I first heard about ChucK while browsing the courses offered by Coursera.org (where I have taken several great, and free, on-line courses). As my background is in CS and I have a passion (not so much talent) for music I was interested in the "Introduction to Programming for Musicians and Digital Artists" course by Ajay Kapur, from California Institute of the Arts. The course description stated that it would be using the "real-time multimedia language ChucK".

After signing up for the class I downloaded ChucK and within an hour I was hooked: July 29, 2013. Of course, along with being excited I was totally confused and it wasn't long before I found the electro-music forum (thankfully). It has been an invaluable resource for information and inspiration. Thanks to everyone who has participated!

The Coursera.org course: Introduction to Programming for Musicians and Digital Artists https://www.coursera.org/course/chuck101 promises in the description:

"There will be special guest lectures from creators of the ChucK language, Dr. Ge Wang (Stanford University) and Dr. Perry R. Cook (Princeton University)"

So it would be very cool to see you all in this course. I suspect this forum will be getting some traffic; maybe it is time to get fired up again? What do you say Inventor? Kijjaz? Kassen? Who loves ChucK?

Code:
Ge theMaster => Kassen thePhilosopher => Inventor theMadScientist => Kijjaz theGenius => Gain theKnowledge => theWorld;


Thanks again everyone. BTW, is it just "Chuckist" or are terms like "Chuckster, Chuckulator, Chuckologist, Chuckarian" also accepable?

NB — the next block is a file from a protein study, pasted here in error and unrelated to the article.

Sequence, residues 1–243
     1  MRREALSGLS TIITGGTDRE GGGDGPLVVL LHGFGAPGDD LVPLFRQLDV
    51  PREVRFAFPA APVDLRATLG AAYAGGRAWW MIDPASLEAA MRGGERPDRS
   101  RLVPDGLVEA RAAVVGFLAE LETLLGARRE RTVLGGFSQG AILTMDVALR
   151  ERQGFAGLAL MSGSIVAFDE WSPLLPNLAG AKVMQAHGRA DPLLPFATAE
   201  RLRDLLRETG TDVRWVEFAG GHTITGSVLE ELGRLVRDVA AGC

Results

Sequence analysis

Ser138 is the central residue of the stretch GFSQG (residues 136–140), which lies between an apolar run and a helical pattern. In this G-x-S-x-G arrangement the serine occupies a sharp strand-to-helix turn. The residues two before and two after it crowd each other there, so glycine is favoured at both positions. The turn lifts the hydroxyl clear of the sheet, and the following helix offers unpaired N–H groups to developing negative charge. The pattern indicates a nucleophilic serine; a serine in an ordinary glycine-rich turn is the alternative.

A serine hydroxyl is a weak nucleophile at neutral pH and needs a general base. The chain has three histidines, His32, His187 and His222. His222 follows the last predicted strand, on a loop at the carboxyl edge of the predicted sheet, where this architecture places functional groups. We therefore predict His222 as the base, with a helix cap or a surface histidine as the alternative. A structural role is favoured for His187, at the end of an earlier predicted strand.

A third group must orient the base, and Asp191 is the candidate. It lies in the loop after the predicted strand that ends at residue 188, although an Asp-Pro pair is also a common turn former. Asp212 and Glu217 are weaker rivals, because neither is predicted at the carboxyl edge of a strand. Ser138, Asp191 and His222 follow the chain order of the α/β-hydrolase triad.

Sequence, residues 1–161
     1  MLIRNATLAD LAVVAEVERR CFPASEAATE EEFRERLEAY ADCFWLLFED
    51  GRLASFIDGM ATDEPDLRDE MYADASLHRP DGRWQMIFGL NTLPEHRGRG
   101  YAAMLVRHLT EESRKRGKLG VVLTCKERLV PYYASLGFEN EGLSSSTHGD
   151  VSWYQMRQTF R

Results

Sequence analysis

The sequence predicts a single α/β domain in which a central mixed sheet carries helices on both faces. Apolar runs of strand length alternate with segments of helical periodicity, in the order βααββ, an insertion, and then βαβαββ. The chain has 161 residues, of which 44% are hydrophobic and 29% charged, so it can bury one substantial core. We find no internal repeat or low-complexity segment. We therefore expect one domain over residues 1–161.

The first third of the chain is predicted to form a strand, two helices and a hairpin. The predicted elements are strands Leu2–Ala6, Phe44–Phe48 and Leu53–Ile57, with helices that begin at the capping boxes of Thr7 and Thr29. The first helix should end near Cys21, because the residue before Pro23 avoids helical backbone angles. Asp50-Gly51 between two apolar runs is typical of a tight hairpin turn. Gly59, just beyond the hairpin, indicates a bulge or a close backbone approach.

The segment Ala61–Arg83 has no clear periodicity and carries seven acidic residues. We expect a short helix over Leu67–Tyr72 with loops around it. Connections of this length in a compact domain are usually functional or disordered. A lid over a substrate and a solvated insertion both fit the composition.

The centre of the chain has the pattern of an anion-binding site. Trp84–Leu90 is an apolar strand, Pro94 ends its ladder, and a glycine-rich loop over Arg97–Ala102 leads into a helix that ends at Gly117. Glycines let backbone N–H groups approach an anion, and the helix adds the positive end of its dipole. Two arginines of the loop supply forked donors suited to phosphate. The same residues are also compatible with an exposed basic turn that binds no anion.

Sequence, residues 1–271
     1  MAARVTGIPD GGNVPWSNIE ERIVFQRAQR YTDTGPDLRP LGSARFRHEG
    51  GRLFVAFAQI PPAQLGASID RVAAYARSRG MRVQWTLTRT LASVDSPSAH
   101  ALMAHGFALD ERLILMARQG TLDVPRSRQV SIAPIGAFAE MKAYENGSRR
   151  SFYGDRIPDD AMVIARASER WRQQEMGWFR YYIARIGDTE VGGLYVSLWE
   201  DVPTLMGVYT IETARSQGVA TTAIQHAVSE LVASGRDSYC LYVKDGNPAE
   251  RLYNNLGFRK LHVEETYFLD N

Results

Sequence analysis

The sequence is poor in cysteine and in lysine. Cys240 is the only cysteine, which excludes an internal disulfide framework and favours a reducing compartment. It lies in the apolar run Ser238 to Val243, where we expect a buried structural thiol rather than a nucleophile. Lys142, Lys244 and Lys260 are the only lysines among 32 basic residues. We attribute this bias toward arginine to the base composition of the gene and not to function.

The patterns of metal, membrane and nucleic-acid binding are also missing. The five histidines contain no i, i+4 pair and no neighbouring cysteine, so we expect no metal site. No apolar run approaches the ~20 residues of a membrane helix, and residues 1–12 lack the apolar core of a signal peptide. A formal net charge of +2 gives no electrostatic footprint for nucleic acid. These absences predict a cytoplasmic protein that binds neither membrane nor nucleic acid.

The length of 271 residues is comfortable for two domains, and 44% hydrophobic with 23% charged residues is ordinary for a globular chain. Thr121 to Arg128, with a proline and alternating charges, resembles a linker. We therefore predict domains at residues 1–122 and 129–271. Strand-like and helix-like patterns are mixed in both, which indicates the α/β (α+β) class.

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Antimon



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PostPosted: Thu Aug 22, 2013 2:48 pm    Post subject: Reply with quote  Mark this post and the followings unread

welcome wamo!

wamo wrote:

So it would be very cool to see you all in this course. I suspect this forum will be getting some traffic; maybe it is time to get fired up again? What do you say Inventor? Kijjaz? Kassen? Who loves ChucK?


It may seem at times like these forums are a bit dead, but I think they're just a bit slow, and wait for someone like you to come along and stir things up. Smile

I for one check the ChucK forum all the time, and try to chime in when appropriate.

Oh, and you do know about the mailing list right? ( https://lists.cs.princeton.edu/mailman/listinfo/chuck-users )

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wamo



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PostPosted: Thu Aug 22, 2013 7:38 pm    Post subject: Reply with quote  Mark this post and the followings unread

thanks Antimon!

Quote:
It may seem at times like these forums are a bit dead, but I think they're just a bit slow, and wait for someone like you to come along and stir things up. Smile


I've got some catching up to do... and some stirring to do as well, it seems!

Quote:
I for one check the ChucK forum all the time, and try to chime in when appropriate.


Yes, you have definitely been a good chimer... I think the first post I read was one of yours!

Quote:
Oh, and you do know about the mailing list right? ( https://lists.cs.princeton.edu/mailman/listinfo/chuck-users )


Thanks for the reminder... I'm on the list now.
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defog



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PostPosted: Mon Apr 07, 2014 7:39 pm    Post subject: Reply with quote  Mark this post and the followings unread

I am chuck. Therefore, I cannot meet myself.

But in honesty, I was looking up posts about the MFOS "Soundlab" synth since I built the Ultimate and wanted to find some others that did as well, and Princeton's Soundlab website came up. Then I noticed the ChucK Programming Language listed on their site, then remembered glimpsing at it on this forum under DIY.

Now I'm playing around with it. I never got into MAX/MSP and probably should have considering the amount of experimentation I do. But after seeing ChucK and having spent the last 6 months learning C++ on a daily basis, this looks more intriguing to me now than MAX/MSP ever did.